schools favoured by ministers, will also keep their traditional identities.

Colin Powell, the US secretary of state, said last night measures
restricting travel by the Zimbabwean leadership were "in the process of
being imposed" after the Harare parliament approved draconian media laws
ahead of the presidential election.

The Herald

Most colonial school names changed

By Hatred Zenenga
MOST Government schools now have new names after the Ministry of Education,
Sports and Culture completed the renaming of the schools last month.

While the ministry has accepted some suggested new names, many schools
failed to come up with acceptable names or change their colonial names,
forcing the authorities to impose new names.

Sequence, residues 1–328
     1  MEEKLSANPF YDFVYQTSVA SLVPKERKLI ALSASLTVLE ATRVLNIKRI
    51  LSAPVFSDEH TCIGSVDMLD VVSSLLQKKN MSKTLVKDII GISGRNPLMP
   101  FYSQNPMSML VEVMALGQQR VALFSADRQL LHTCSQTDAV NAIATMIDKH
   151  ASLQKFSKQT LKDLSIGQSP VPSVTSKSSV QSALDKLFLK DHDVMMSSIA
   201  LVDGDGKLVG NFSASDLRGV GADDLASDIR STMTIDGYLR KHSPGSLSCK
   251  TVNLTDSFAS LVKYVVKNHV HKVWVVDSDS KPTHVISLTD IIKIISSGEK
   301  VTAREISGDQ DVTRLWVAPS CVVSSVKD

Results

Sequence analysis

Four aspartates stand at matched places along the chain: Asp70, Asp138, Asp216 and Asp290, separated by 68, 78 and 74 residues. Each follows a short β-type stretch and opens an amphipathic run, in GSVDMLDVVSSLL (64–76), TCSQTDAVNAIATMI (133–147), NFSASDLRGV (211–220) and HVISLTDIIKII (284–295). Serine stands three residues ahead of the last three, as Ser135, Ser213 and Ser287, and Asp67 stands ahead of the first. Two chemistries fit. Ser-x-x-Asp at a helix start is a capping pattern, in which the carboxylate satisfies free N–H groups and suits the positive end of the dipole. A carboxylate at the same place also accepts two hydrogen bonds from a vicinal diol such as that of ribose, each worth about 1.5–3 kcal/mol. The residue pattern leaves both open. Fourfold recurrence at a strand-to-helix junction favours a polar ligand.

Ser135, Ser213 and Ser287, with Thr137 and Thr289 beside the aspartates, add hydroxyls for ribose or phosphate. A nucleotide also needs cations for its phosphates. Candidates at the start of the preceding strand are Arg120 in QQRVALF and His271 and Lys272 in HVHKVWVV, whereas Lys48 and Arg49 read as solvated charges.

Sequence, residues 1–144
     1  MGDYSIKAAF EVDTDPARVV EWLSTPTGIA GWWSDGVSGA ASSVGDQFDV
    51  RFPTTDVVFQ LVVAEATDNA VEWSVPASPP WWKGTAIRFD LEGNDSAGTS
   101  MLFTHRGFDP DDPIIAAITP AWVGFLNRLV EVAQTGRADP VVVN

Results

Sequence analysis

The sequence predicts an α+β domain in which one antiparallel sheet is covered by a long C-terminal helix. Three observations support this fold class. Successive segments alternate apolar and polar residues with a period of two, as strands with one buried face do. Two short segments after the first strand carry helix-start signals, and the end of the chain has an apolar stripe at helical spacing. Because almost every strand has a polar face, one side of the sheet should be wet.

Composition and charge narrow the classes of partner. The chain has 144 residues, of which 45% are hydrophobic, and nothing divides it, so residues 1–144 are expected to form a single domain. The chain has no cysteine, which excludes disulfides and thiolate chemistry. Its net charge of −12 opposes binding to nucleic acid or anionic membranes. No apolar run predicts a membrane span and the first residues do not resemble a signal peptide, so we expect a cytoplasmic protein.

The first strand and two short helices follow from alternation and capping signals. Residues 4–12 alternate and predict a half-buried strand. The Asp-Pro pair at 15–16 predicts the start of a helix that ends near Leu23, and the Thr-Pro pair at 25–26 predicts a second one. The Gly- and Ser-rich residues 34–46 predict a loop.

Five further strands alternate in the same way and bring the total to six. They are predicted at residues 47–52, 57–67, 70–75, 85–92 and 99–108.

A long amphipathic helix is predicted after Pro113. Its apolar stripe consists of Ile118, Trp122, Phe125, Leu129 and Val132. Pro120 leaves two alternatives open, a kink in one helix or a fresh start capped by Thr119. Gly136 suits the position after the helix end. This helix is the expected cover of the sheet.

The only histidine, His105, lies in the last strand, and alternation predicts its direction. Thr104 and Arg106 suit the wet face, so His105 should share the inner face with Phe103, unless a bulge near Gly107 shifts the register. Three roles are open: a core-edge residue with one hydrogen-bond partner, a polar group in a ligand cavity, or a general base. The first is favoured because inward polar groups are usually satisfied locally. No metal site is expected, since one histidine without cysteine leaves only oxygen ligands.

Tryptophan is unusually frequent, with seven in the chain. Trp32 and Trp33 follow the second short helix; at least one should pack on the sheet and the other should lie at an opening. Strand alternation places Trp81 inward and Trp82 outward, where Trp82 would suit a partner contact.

The full list obtained by The Herald yesterday show the following notable
changes in names: Prince Edward High now Murenga Boys High (named after the
Njelele High Spirit that instigated and directed the first Liberation War,
1896-97); Warren Park 3 now Chenjerai Hunzvi Primary (national hero); Mount
Pleasant High now Joshua Nkomo High (named after the late Vice President).

Allan Wilson High now Mutapa Boys High (named after the founding father of
the glorious Mutapa Empire); Queen Elizabeth Girls now Sally Mugabe Girls
High (after the late First Lady and national heroine); Milton High now
Khumalo High (name of suburb in which school is located); King George VI now
Lookout Masuku Primary (national hero); Townsend High now Joseph Msika High
(named after the Vice President).

Churchill High now Josiah Tongogara High (national hero); Blakistone Primary
School now Shearly Cripps Primary (named after priest who championed African